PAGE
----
I had a god friend contact me tonight who was struggling with something. He was saying that he wonders about how he got into his faith at times and that he was just struggling with some issues about that. Taking a cue from Gary Habermas, I asked him the main questions. Does he believe in the deity of Christ first off? I got a very affirmative answer on that. Does he believe Christ died for him? I got an affirmative. What about the resurrection? Sometimes doubts, but generally yeah.
My conclusion: I have no doubts this guy is a Christian.
Yet he told me he was concerned about those doubts. Despite all the reasons he has to believe in his faith, and he’s a great apologist from what I’ve seen, there are still times of doubt. It was at that time that I realized that I had come to a dread conclusion about him.
It sounded to me like…
He might be….
I kind of hate to say it…
It sounds so bad…
He might be a….
Where did we get this idea that Christianity meant living your life in absolute 100% certainty every minute of the day? I say, thank God for uncertainty. In many ways, since Descartes, certainty has become a curse of our age. Can I, for instance, be absolutely certain that Bishop Berkeley was wrong in his philosophy and maybe the material world is really an idea put in my mind? Well, no. I sure don’t think it is though! I have some objections to his theory, but I can’t say I have certainty.
If the skeptic wants to say “Well I just don’t have certainty that the material world exists,” my thought now is “That’s your problem.” (I’m also tempted to launch a kick towards his face and see if he acts like the material world exists.) I have good reason to believe and I’m quite satisfied if I’m not absolutely certain on every issue.
Of course, I’m not pushing anything fideistic either. I think I have more than enough reason to believe in Christianity. If my emotions are strong one day while in a negative mood, then they are. I just have to wait through it often. If I have a real difficulty, I simply go and do some research. Every single time I’ve had doubt and worked through it, my faith has always been stronger in the end.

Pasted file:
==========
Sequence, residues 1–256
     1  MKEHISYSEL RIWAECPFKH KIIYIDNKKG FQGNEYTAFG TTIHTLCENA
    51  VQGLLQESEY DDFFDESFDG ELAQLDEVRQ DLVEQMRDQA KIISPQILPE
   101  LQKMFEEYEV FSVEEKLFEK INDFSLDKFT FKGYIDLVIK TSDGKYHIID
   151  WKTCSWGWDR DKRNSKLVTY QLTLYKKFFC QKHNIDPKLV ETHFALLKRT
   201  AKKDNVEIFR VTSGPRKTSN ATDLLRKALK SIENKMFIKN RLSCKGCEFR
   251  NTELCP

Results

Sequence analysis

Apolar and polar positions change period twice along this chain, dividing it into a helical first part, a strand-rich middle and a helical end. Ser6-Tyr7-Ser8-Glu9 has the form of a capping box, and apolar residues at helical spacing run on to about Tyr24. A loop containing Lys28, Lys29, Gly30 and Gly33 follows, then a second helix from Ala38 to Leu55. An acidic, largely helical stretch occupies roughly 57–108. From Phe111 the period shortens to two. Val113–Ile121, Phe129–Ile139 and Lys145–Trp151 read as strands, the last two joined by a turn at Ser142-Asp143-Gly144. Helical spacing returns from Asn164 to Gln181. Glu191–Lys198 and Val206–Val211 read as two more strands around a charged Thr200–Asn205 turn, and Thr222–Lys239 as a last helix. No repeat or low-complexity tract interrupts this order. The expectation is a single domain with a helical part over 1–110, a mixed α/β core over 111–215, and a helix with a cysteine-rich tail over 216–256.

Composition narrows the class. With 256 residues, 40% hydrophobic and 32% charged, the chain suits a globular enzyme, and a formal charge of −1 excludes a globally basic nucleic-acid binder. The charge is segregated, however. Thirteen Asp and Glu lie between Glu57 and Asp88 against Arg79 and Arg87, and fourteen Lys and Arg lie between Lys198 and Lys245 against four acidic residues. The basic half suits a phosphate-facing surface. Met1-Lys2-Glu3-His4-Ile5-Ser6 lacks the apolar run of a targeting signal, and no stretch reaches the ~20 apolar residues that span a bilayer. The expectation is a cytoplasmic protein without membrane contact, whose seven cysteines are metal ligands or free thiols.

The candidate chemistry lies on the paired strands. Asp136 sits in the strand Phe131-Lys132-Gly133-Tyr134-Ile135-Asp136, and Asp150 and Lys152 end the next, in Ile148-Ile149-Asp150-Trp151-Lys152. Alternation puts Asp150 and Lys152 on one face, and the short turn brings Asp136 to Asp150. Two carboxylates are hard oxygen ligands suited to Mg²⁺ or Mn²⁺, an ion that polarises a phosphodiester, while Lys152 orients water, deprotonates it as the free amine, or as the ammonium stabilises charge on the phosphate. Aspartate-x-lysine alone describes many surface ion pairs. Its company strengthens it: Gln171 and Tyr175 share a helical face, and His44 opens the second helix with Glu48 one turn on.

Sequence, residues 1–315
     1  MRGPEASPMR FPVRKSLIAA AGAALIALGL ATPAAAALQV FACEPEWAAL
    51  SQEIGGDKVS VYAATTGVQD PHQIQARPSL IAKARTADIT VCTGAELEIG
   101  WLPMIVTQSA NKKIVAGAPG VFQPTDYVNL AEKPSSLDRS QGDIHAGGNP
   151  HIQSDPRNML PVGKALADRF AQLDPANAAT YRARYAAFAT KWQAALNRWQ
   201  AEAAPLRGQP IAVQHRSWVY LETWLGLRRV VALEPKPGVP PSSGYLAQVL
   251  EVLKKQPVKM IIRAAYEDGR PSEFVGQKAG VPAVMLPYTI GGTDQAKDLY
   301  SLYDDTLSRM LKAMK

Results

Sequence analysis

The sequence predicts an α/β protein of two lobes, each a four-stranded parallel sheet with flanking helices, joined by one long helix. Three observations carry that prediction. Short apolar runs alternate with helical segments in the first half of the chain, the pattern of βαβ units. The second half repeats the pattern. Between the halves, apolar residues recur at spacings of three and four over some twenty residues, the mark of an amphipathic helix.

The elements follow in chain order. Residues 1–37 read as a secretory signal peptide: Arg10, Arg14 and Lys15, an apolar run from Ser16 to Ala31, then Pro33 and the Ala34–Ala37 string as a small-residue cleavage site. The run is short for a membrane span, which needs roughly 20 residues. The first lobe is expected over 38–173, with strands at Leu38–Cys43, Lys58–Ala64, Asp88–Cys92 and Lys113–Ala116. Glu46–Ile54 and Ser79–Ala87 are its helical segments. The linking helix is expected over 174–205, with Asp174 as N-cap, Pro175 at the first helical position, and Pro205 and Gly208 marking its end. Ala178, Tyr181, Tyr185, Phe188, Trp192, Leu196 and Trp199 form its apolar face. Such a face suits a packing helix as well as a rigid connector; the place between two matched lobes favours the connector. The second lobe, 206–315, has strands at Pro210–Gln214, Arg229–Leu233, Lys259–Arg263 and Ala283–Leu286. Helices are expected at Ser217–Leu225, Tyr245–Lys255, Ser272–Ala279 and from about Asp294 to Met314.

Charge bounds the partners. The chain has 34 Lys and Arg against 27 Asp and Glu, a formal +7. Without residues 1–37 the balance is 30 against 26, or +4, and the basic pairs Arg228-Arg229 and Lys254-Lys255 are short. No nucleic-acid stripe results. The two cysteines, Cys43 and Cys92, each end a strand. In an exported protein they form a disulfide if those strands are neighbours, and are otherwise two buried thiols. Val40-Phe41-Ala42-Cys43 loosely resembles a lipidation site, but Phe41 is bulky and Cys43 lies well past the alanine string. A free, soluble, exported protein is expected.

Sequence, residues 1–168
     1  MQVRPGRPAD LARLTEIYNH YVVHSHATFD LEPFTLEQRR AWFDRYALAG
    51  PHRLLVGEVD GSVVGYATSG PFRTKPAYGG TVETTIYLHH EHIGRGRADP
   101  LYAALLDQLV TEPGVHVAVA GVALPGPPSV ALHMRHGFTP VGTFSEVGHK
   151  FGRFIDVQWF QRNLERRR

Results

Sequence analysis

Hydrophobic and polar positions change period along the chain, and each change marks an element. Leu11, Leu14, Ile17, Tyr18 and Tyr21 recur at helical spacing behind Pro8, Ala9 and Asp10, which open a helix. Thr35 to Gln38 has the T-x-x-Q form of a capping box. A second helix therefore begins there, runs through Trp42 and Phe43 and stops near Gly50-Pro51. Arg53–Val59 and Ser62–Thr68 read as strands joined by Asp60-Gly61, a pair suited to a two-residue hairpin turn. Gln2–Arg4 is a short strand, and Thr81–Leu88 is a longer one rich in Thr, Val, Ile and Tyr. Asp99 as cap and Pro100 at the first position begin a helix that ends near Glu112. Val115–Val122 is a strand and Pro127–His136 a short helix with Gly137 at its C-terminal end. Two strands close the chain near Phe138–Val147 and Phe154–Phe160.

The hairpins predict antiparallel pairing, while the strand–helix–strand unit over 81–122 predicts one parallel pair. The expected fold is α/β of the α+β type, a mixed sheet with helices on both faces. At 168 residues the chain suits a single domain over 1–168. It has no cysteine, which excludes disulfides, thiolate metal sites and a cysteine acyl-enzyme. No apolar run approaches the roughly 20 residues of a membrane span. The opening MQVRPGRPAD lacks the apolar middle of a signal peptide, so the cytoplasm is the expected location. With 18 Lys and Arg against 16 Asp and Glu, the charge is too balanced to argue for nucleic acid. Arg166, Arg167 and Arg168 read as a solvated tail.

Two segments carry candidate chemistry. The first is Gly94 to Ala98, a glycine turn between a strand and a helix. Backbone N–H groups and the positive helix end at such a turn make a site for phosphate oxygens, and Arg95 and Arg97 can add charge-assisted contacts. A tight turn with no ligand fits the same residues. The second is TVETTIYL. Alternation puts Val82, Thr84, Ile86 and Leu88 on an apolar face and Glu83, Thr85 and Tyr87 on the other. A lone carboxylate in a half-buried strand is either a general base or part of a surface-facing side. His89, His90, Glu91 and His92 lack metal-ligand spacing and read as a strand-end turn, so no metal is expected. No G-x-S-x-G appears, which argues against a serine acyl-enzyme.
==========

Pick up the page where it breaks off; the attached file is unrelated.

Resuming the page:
Let’s be honest also. Most of this is emotional. In our world today, we are much more emotional than we are rational. When someone wants to know your stance on a subject, they will ask how you feel about it. They will not normally ask what you think about it. My feelings can be quite different from my thoughts at times. With a lady for instance, my feelings might tell me pre-marital sex is a-okay. (For those wondering, I haven’t given into that temptation.) My rationality though which believes in the truth of Scripture says that it doesn’t. Naturally, when the lady is present, I have to be sure that feeling isn’t running ahead of the rationality.
That is a way to show feelings and rationality can definitely differ. We all have done things that we knew were the right thing to do when we certainly felt like doing otherwise. There are times I’ve felt like going to bed, but I knew I needed to stay up and help a friend. There have been times I’ve felt like telling some people off, but I knew I should refrain.
Friends. What you feel is not necessarily what you think. Sometimes the two can coincide, but it’s not a guarantee. The best thing to do with doubt is simply learn to get your emotions under control. I mentioned Gary Habermas at the start. Go to his website and read “Dealing With Doubt” and listen to his MP3s on dealing with emotional doubt.
And remember, you are not alone. Everyone in the body goes through this from time to time. When it comes, put your emotions aside and listen to just the facts.